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Chris Shugart
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barn-e wrote:
You do realize, don't you, that the 20g carbs "Atkins diet" is actually just the first phase of the overall diet? It's called the induction phase and only lasts two weeks. After that, you gradually raise carbs in phases 2 and 3 until you find a level that you can tolerate.


Yes. I've published several articles on it and have even spoken to Dr. Atkins before he passed away.

You do realize that don't you? [Read that in a Mr. Howell from Gilligan's Island voice for best effect.]

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BrickCallahan
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Interesting perspective I hadn't considered, even though I think about carbs all the time. I bought into the idea that you needed your precious whole grains in order to not pass out from an absence of energy. I've weened myself away from being a daily grains consumer to a sporadic one to a once in a while one.

I've been a Hammer reader since January and credit my daily check-up on this place to being more conscious not just about grain consumption, but food selection in general. I'll say, though, that I still had a problem with eating too many grains for my liking despite this.

Thankfully, my four weeks of intermittent fasting has done wonders for my grains consumption. It's still too early to get comfortable and declare grains dead, but the IF format seems to be just what I needed to take my grain consumption down to a few isolated incidents during the week.

They aren't gone for good, but I no longer have trouble not building my meals around bread and it's showing up not just with the measuring tape, but with how I feel internally. I wish I'd gotten into this a long time ago, since I used to get horrible bloating every day and it actually affected a serious relationship (I wasn't too pleasant when I was bloated, which was, well, most of the damn time). Live and learn.

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barn-e
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Well, great! I get pissed off when people criticize things they haven't researched. A couple years ago there was a nurse on the radio bashing Atkins and she had never even read his book. I don't remember you interviewing the Doctor though. I'll have to dig into the archives.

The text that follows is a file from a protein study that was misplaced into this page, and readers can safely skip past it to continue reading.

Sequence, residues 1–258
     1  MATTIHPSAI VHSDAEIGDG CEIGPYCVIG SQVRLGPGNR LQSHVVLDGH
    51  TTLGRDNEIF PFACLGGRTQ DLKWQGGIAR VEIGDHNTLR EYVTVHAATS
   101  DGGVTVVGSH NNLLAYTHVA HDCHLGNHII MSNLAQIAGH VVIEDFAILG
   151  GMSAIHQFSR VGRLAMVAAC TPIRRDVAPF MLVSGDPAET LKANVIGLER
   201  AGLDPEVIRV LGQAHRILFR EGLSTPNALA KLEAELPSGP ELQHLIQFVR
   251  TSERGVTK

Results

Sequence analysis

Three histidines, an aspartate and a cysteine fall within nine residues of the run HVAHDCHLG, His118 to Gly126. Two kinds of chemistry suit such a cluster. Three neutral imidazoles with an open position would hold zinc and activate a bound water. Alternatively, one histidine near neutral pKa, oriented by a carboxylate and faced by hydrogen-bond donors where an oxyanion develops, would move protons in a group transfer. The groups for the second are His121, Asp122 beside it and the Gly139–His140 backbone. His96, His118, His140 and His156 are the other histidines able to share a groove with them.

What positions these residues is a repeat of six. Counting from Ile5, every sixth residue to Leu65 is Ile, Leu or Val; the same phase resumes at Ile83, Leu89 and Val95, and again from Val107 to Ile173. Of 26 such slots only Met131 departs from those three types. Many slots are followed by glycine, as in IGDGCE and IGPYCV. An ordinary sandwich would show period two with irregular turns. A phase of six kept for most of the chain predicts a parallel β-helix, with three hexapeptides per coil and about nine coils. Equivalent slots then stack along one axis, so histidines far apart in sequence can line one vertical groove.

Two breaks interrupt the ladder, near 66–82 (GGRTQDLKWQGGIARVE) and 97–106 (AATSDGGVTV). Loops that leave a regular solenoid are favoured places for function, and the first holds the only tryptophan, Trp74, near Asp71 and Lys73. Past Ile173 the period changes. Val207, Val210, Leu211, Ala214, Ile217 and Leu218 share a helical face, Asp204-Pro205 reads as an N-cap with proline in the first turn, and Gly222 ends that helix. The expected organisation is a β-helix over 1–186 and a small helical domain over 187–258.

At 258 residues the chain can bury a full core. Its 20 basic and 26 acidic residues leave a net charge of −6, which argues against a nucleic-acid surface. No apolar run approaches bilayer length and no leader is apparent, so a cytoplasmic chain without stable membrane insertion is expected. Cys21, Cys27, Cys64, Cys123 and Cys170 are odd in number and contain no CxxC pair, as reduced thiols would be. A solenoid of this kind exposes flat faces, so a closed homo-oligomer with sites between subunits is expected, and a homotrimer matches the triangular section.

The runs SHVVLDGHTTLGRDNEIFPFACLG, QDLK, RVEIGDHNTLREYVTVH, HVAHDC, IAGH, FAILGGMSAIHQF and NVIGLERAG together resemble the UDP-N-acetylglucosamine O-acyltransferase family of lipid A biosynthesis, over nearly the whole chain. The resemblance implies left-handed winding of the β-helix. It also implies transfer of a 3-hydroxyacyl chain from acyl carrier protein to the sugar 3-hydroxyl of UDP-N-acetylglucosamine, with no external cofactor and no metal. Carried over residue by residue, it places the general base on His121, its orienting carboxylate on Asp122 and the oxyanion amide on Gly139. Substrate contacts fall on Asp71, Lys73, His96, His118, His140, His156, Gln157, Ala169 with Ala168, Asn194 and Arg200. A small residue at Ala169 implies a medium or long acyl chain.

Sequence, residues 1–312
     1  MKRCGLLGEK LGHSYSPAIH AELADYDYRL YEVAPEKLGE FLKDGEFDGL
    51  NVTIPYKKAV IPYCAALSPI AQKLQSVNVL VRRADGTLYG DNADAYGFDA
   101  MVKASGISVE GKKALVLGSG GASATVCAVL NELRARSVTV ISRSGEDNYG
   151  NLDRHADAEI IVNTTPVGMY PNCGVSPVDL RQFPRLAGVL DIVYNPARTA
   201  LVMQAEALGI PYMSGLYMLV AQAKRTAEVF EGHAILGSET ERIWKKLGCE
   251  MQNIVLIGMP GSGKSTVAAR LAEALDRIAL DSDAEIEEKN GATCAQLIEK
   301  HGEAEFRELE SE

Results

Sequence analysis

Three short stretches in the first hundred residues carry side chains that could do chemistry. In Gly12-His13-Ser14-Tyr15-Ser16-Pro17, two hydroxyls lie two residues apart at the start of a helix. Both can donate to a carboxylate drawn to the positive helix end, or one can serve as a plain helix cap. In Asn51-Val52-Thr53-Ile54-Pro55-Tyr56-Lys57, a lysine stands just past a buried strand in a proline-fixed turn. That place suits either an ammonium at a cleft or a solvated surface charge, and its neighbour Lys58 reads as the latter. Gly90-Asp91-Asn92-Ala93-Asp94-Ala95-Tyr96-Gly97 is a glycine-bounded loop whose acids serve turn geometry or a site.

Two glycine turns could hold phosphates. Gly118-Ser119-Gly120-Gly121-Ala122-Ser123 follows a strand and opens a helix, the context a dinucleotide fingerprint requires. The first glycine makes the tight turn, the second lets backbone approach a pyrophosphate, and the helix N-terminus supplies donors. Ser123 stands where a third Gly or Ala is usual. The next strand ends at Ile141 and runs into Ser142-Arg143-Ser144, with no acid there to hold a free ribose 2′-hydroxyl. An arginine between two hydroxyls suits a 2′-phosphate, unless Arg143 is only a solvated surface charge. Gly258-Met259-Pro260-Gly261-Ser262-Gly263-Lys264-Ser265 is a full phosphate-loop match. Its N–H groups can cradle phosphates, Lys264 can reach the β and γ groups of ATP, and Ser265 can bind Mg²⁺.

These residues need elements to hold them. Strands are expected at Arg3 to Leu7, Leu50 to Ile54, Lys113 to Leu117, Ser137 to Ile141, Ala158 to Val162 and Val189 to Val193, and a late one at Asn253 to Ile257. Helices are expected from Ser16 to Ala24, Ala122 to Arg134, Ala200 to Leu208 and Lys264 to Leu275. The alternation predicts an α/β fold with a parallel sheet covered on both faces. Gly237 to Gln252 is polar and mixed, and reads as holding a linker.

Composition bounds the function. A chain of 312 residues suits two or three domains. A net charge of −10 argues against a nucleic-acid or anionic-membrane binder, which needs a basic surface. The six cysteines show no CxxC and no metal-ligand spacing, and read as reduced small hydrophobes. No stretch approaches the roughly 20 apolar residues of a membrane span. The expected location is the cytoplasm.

Atkins' book first introduced me to the low-carb concept many years ago, even though I've moved on to better and more advanced things.

Edit: I can't find the interview using search. Do you have a link to it? Thanks.

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Chris Shugart
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barn-e wrote:
Well, great! I get pissed off when people criticize things they haven't researched. A couple years ago there was a nurse on the radio bashing Atkins and she had never even read his book. I don't remember you interviewing the Doctor though. I'll have to dig into the archives.

Atkins' book first introduced me to the low-carb concept many years ago, even though I've moved on to better and more advanced things.

Edit: I can't find the interview using search. Do you have a link to it? Thanks.


Mind & Muscle Power Magazine, late 90's.

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Chris Shugart
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Somewhat related, here's a snippet from Dr. Loren Cordain's paper, Cereal Grains: "Humanity's Double-Edged Sword"

"For the vast majority of mankind's presence on this planet, he rarely if ever consumed cereal grains. With the exception of the last 10,000 years following the agricultural 'revolution', humans have existed as non-cereal-eating hunter-gatherers since the emergence of Homo erectus 1.7 million years ago.